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  HOME | Arts & Entertainment

Archaeologist Zahi Hawass Vows to Recover Egypt’s Stolen Heritage

MADRID – The Grand Egyptian Museum in Cairo is due to open in October and will house more than 50,000 archaeological pieces at a 50-hectare site near the pyramids of Giza.

Construction of the center on the outskirts of Egypt’s capital city is nearing completion after it was started 18 years ago.

Visitors will be greeted by an 83-ton colossus of Ramses II in the lobby of the vast museum, which explores ancient Egyptian civilization.

But the public will not be able to admire some of the most iconic pieces from Ancient Egypt, such as the bust of Nefertiti and the Rosetta stone, as they are among a number of items the country’s government has been trying to recover.

Archaeologist Zahi Hawass, former antiquities minister for Egypt, is one of the people who has been working to recover the country’s stolen heritage.

He said in an interview with EFE that he will recover all the assets that have been “pillaged.”

He added that it is important to raise awareness of the responsible governments, including France and the Netherlands, which have both recognized that many items in their possession will have to be returned to Egypt.

The Egyptologist visited Madrid to give a conference as part of the exhibition Tutankhamen: His Tomb and Its Treasures.

It will be the last trip the pharaoh’s trousseau makes because when the GME opens the treasures will be permanently housed there.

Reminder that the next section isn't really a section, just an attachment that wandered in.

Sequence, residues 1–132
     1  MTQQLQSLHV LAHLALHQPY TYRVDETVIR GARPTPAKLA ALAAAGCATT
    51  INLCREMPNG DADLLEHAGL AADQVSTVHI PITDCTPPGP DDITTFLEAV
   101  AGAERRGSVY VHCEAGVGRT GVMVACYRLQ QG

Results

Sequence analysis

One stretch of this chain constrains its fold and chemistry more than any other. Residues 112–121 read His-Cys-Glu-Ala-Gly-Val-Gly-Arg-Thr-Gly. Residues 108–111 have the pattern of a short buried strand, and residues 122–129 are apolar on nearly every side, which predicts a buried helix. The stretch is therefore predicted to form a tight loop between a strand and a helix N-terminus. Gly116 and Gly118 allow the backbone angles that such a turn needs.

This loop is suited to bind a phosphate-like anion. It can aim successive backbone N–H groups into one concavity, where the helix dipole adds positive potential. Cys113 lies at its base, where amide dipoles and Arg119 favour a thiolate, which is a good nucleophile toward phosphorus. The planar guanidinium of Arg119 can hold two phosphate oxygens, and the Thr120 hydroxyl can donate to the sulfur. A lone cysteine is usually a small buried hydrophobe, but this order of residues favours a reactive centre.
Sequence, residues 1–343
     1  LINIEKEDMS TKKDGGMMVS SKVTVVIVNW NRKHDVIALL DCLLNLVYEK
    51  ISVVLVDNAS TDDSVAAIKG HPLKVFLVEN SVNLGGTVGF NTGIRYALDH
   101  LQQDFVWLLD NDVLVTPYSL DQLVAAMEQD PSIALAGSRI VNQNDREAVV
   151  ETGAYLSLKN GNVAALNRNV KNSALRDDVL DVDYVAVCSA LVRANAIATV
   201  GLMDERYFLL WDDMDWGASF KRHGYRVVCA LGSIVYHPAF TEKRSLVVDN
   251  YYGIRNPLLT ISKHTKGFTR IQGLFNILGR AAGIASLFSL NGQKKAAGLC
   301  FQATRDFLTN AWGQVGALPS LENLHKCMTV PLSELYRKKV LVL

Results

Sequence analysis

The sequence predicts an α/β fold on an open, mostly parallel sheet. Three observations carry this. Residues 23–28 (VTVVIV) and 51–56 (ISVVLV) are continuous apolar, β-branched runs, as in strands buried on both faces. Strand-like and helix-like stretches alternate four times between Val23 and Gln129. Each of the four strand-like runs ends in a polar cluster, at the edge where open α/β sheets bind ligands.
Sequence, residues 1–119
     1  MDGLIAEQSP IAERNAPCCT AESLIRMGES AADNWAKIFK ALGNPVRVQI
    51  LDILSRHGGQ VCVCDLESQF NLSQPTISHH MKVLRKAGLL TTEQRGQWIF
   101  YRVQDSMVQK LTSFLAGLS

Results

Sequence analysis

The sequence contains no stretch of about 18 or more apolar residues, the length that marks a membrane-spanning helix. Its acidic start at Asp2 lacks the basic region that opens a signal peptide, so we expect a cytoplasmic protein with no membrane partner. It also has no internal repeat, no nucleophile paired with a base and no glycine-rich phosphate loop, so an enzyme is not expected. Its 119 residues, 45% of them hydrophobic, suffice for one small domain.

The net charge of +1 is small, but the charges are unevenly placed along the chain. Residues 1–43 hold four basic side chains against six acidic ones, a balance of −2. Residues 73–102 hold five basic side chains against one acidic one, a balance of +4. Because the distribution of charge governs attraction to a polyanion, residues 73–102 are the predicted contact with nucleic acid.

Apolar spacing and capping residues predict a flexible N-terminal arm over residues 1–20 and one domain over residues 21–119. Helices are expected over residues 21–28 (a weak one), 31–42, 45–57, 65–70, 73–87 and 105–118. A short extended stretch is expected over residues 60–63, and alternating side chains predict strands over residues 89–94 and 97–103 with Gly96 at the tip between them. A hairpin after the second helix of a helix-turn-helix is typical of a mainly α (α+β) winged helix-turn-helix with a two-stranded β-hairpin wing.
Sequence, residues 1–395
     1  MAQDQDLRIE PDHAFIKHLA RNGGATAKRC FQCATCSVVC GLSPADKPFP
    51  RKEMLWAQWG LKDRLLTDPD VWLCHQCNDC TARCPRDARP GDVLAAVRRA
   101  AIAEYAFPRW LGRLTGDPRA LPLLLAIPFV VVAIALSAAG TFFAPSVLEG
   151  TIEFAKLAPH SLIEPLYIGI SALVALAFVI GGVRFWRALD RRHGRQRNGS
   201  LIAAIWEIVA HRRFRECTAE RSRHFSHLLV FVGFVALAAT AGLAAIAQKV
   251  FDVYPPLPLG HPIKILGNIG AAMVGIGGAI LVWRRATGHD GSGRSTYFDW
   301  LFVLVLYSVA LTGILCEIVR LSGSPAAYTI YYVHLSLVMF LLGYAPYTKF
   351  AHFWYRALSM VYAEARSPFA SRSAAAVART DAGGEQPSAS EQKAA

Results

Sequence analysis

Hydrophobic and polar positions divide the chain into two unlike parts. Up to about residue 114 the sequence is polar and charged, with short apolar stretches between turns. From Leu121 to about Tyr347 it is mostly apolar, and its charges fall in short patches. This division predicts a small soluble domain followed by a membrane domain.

Hawass said the Tutankhamen collection will never travel again and added: “He will stay in Cairo all his life.”

The exhibition is a unique opportunity to enter the archeological world of Ancient Egypt, including the burial chambers and artifacts of the young pharaoh which were discovered by British archaeologist Howard Carter in 1922.

Tutankhamen’s tomb and the more than 5,000 objects within it have made him one of the most famous pharaohs in history, despite only reigning from 1332 to 1323 BC and dying at the age of 18.

Hawass said the grave is unique because when it was found it was completely intact and due to the death – five months after the discovery – of Lord Carnarvon, who funded the search for the tomb, which sparked the legend of the curse of Tutankhamen.

He added that grave robbers had tried to break into the site a number of times but police at the Valley of the Kings managed to scare them away and seal the entrance.

Some time later, the construction of the tomb of Ramses VI blocked the entry and prevented the items from falling into the hands of thieves.

When Carter discovered it, he found the grave intact with 5,398 objects.

One of the most famous items is the pharaoh’s golden mask, a work of art made of 11kg of solid gold.

Although there are still a number of mysteries surrounding Ancient Egypt, new technologies have gradually been revealing many of its secrets.

In 2010, Hawass performed genetic analysis and scans on Tutankhamen’s mummy, which helped determine that the boy king’s parents were siblings, causing him to have numerous health problems and bone disease.

A CT scan revealed Tutankhamen had a fracture in his left leg, probably caused by an accident suffered two days before his death and that he also had circulation problems and malaria, according to Hawass.


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